Joseph Yoakum was born in 1890 in the Navajo reservation near Window Rock, Arizona. A self-taught artist, Yoakum lived a fairly nomadic lifestyle until well into his 60s, when he had a dream, as a message from God that he should begin to draw.
For the last 10 years of his life, Yoakum worked quickly and passionately, mainly producing landscapes drawn from his past. These were inspired from his childhood days travelling with the circus and years working on railroads. He eventually settled in Chicago where he died in 1972 having gained recognition as a unique and original interpreter of landscape Outsider art.
Yoakum's drawings are the only records of a life spent on the road and the only evidence that can vaguely point to where, when and what he visited during his lifetime.
His dual Native and Afro-American roots were always at the core of his work. His landscapes have a linear, dream-like quality changed subtly by an emphasis on colour, which in turn affects the mood of the drawing.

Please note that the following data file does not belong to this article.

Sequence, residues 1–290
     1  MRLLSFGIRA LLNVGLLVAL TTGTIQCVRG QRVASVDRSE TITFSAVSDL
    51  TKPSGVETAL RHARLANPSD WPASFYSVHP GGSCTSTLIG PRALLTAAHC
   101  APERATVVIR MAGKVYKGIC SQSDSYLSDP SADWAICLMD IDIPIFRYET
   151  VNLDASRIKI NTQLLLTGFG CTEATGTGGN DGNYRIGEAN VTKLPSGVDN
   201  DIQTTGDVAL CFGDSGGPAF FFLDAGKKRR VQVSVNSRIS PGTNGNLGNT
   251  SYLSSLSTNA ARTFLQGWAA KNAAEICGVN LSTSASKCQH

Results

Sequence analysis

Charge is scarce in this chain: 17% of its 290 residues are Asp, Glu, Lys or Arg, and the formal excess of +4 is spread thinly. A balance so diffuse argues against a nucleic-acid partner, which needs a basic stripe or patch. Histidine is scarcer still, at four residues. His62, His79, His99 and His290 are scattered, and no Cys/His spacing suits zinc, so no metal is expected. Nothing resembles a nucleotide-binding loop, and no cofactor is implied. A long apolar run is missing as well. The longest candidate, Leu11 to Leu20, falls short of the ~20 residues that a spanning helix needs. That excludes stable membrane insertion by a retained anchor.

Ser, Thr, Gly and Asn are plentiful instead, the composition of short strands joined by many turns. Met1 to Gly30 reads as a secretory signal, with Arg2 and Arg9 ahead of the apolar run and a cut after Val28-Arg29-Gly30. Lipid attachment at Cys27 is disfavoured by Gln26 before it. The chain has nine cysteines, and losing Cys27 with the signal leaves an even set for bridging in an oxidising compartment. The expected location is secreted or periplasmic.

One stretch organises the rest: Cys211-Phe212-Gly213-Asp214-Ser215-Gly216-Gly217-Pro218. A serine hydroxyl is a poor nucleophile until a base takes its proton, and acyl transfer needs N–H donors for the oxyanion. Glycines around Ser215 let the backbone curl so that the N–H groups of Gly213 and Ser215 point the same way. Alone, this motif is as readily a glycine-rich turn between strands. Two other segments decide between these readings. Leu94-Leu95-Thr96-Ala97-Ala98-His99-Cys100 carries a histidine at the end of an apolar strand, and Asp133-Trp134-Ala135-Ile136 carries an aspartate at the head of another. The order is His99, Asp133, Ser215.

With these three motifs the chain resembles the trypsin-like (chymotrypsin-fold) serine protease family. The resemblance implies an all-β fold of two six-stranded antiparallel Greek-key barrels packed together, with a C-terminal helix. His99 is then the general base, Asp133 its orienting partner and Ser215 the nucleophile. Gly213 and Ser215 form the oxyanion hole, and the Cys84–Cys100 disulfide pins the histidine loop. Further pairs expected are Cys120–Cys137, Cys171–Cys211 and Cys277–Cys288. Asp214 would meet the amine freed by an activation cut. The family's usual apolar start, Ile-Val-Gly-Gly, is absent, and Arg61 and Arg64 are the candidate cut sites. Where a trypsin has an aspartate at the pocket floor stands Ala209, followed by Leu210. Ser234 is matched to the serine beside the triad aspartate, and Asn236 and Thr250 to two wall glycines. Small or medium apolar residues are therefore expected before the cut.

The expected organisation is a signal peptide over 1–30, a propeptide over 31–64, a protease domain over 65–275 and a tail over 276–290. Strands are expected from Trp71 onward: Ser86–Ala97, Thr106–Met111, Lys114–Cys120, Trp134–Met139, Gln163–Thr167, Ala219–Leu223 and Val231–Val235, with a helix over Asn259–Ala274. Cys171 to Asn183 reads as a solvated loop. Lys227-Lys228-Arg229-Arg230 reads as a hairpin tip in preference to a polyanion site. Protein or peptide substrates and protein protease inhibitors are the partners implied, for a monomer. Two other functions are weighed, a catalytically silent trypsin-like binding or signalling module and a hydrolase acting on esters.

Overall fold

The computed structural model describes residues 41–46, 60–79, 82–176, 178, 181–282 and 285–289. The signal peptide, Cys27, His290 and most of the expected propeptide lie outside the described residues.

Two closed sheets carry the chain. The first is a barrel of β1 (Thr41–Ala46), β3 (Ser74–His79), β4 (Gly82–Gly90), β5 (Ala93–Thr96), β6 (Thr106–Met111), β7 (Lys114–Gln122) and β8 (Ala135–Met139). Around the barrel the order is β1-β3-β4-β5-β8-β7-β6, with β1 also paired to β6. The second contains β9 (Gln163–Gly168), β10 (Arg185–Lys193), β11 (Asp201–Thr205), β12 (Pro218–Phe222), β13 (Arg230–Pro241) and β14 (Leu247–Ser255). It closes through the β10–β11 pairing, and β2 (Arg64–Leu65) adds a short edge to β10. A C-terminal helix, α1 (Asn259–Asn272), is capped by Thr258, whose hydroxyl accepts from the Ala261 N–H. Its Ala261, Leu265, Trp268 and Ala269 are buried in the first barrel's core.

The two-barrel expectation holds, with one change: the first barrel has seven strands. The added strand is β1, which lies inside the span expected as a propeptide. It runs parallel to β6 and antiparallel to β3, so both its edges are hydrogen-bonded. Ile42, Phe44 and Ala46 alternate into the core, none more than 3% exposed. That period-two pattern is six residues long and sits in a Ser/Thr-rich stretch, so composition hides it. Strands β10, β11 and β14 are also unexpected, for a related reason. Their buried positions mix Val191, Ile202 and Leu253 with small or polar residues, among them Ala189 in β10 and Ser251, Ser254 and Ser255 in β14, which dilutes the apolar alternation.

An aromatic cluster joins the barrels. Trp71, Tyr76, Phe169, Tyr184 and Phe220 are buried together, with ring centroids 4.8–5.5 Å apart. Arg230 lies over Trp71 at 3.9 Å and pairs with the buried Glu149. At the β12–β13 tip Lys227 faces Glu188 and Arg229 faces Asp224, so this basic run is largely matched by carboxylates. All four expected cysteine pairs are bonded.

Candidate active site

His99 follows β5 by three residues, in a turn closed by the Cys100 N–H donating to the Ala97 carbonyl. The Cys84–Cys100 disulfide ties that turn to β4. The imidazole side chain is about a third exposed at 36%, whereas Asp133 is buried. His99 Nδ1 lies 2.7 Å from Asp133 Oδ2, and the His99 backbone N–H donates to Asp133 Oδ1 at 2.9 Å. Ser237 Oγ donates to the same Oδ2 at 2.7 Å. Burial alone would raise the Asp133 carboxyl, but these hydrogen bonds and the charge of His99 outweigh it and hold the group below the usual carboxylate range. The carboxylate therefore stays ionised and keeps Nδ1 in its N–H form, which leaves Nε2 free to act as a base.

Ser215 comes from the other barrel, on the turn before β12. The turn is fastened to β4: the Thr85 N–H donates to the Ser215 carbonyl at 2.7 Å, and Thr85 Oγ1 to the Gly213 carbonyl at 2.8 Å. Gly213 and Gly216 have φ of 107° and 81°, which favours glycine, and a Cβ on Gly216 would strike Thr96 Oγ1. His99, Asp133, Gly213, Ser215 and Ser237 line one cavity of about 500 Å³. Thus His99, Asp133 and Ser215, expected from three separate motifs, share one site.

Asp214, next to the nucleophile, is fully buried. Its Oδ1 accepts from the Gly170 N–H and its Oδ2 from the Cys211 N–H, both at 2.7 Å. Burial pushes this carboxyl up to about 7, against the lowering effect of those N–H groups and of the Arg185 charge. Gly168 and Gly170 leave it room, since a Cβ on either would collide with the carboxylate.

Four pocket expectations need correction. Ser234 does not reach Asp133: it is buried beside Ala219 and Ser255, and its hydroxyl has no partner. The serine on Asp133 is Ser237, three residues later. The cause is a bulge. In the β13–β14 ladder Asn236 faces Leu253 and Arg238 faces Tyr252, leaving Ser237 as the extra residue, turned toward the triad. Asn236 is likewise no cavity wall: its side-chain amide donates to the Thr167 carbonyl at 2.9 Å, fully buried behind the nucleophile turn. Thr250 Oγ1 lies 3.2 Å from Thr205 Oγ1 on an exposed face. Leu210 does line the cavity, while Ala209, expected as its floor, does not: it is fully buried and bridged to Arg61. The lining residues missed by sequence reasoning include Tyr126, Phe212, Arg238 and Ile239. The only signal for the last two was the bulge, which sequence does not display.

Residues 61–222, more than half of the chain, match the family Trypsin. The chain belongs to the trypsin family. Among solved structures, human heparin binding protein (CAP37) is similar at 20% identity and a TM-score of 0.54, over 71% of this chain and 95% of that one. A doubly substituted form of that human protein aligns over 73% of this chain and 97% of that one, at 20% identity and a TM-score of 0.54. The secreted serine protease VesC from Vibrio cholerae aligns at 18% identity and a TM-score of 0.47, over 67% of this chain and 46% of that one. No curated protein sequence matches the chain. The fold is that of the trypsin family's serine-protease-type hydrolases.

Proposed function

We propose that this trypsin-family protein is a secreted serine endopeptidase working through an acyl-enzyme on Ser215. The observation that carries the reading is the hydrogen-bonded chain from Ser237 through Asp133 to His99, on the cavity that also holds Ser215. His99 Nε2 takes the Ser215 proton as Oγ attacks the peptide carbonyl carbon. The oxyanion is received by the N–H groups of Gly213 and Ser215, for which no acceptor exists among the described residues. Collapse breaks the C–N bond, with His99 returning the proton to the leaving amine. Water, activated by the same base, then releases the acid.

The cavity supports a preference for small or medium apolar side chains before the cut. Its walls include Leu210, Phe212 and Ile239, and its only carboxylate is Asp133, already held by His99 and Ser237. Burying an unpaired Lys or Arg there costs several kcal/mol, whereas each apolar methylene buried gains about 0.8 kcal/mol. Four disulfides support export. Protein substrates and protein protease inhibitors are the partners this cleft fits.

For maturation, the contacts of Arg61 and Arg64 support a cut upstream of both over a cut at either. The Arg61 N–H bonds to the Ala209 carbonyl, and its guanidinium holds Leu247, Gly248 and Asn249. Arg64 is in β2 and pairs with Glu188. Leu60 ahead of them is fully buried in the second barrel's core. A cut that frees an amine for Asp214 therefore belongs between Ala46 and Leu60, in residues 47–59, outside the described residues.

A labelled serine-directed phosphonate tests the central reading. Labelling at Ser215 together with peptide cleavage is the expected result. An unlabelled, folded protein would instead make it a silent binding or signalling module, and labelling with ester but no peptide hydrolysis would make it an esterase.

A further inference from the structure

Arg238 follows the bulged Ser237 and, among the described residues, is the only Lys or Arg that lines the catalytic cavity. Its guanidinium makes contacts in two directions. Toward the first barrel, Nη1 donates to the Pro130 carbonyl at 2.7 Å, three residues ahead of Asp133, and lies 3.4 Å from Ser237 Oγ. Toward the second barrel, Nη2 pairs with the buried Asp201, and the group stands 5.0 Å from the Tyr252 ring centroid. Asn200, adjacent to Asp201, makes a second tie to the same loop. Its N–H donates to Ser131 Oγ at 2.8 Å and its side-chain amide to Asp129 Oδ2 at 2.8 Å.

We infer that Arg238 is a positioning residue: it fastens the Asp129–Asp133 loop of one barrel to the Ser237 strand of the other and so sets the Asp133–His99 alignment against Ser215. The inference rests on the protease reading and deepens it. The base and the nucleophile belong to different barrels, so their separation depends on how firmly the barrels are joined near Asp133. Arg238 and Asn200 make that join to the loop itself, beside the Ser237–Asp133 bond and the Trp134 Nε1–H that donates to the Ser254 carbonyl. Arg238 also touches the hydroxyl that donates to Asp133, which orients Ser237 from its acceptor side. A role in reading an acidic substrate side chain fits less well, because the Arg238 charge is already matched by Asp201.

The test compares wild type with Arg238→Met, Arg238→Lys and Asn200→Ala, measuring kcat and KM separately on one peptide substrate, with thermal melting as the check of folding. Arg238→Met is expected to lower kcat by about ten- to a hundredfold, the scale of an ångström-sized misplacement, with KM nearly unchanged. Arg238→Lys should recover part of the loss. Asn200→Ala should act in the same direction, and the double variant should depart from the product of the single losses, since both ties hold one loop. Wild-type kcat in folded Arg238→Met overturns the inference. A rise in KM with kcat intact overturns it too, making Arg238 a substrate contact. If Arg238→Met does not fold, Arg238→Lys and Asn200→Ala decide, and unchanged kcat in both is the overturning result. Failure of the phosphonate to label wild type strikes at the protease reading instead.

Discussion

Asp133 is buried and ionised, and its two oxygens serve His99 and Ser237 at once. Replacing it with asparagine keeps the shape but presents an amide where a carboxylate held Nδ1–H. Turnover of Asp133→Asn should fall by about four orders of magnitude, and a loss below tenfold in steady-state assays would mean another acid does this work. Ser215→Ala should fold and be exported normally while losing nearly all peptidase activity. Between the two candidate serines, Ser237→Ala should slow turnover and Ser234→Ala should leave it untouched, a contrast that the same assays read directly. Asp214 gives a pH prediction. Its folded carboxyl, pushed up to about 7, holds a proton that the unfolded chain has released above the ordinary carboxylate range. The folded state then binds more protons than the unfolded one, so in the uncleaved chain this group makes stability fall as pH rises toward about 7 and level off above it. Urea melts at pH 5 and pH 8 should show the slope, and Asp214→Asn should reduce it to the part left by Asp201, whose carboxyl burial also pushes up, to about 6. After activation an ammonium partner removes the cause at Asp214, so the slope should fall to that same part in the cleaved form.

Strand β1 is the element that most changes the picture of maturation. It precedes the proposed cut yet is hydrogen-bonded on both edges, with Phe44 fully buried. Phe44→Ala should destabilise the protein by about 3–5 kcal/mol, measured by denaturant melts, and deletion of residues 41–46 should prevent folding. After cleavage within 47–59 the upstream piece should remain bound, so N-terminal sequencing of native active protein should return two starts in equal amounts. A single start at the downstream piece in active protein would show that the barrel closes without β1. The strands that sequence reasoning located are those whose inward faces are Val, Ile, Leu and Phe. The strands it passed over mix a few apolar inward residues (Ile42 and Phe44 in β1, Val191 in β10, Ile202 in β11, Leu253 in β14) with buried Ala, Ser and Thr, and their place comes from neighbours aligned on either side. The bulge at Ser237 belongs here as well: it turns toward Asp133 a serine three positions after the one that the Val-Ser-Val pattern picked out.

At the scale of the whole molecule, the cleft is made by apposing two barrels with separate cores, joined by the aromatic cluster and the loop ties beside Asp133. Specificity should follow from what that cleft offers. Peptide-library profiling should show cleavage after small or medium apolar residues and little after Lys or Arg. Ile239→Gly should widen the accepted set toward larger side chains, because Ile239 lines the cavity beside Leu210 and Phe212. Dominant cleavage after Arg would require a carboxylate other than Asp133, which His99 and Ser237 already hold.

His landscapes are said to resemble the old railroad picture postcards of the 1930s, taking on the same form of a horizontal composition with inscriptions at the top of the page. Various animals encountered on his circus route can also be seen in his landscapes, often referred to as Animist.
It was not until 1967, that Yoakum was discovered by the mainstream. Before his death in 1972, Yoakum had several solo exhibitions and took part in various Outsider Art group shows along with other Native American artists.
His work is included in permanent collections at the Art Institute of Chicago, Museum of American Folk Art, New York and the Philadelphia Museum of Art among others.